(CN) - Google's mass book-digitization project makes fair use of copyrighted material and benefits all society, a federal judge ruled Thursday.
The long-running lawsuit concerns a deal Google struck with several major research libraries in 2004 to digitally copy their collections. By scanning more than 20 million books since then, Google has created an electronic database of books, making text available for online research through the use of "snippets," or excerpts from the books.
The Library Project, one of two digital books programs pioneered by Google, includes all types of books, from novels and biographies to dictionaries and cookbooks. The majority of the books in the program are nonfiction, out-of-print books, though some in-print books are also featured.
The Partner Program, the other component of Google's digital project, involves the "hosting" and display of material provided by book publishers and other rights holders. It was designed to help publishers sell books and help readers discover them.
While the Partner Program included 2.5 million books as of early 2012, Google had scanned more than 20 million books for its Library Project, without compensating copyright holders or seeking their permission.
The library plans to provide full-text access to so-called "orphan works" whose copyright owners could not be located, but it normally does not allow users to access the digitized books in their entirety. Its system delivers titles and page numbers via keyword search, helping readers find the copyrighted books at libraries. Blind or print-disabled users can get special access to the original works.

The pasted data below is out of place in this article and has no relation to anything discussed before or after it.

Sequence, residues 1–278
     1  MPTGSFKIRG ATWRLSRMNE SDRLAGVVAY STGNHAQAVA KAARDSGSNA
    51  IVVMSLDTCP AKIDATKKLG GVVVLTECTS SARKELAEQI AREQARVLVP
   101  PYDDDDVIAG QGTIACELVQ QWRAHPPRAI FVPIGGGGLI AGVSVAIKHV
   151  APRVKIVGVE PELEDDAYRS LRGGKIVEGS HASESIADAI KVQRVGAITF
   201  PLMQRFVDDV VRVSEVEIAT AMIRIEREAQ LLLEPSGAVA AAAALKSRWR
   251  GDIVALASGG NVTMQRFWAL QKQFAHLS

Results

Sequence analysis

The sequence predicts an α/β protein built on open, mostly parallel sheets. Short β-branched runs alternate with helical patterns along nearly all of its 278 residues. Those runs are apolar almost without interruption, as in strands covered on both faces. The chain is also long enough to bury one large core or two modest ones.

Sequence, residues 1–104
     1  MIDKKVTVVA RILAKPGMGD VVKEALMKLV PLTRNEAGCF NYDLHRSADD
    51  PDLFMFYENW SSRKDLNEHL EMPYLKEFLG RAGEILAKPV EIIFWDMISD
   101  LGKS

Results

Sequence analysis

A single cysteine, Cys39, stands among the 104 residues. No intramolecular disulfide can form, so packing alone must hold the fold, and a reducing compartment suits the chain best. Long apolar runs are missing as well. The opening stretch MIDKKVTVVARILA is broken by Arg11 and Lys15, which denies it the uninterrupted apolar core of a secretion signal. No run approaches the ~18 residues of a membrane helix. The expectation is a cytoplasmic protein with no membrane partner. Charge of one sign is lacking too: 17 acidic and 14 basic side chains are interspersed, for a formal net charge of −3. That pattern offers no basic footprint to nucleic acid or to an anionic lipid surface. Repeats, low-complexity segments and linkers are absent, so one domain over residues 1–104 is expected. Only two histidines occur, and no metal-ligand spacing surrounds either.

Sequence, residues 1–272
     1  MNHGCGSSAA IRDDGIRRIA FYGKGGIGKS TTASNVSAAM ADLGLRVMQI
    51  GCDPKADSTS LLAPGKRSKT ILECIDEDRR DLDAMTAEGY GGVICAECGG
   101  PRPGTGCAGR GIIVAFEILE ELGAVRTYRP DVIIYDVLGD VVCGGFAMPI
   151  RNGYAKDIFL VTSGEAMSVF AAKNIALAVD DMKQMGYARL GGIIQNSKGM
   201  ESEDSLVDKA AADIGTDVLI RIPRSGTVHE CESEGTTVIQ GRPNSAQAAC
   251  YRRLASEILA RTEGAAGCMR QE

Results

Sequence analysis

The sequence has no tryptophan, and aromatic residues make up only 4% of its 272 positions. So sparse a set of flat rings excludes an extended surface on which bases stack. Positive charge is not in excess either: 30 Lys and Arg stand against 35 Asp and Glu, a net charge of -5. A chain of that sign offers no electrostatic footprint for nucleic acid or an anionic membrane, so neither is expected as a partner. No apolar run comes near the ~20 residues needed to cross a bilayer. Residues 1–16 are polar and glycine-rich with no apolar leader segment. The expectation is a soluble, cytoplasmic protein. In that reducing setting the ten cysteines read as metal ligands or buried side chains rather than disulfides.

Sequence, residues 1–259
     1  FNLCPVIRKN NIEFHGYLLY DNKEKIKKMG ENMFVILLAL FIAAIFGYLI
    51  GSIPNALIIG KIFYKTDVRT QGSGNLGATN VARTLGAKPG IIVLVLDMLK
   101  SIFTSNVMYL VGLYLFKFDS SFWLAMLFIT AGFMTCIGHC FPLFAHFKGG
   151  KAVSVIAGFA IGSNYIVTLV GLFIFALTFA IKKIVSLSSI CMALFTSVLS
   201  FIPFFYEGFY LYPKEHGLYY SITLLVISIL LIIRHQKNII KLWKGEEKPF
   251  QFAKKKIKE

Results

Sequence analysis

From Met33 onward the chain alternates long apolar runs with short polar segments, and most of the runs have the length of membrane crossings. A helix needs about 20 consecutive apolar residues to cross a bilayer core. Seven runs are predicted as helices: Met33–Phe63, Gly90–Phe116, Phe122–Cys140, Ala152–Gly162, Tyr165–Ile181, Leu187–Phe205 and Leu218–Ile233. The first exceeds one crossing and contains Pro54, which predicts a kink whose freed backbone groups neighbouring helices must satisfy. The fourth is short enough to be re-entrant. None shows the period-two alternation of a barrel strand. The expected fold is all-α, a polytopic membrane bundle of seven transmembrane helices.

The Authors Guild and individual authors sued Google in 2005, claiming it had not obtained permission from the copyright holders to copy and digitize books that were still under copyright.
In 2011, an initial settlement failed to win approval from Judge Denny Chin, sitting by designation in the Southern District of New York from his usual post with the 2nd Circuit Court of Appeals.
Chin later refused to dismiss the guild's amended complaint and certified the individual plaintiffs' class.
The guild's case was unaffected by a settlement Google reached with the publishers' group last year that allows Google to scan library books and allows publishers to request the removal of specific digitized titles.
Meanwhile Google successfully appealed the class certification with the 2nd Circuit remanding the case back to Manhattan for "consideration of the fair use issues."
Chin found Thursday that Google has digitally reproduced millions of copyrighted books, making them available to libraries for download, and kept copies for itself on its servers and backup tapes, without asking for the copyright owners' permission to do so. But the Copyright Act's fair-use doctrine, which allows limited copying of a work for criticism, research and education purposes, shields Google's digital books project, according to the 30-page opinion.
Google's use of the copyrighted works transforms expressive text into a research tool that helps readers, librarians and scholars identify and find books, and opens up new fields of research, the opinion states.
"Words in books are being used in a way they have not been used before," Chin wrote. "Google Books has created something new in the use of book text - the frequency of words and trends in their usage provide substantive information."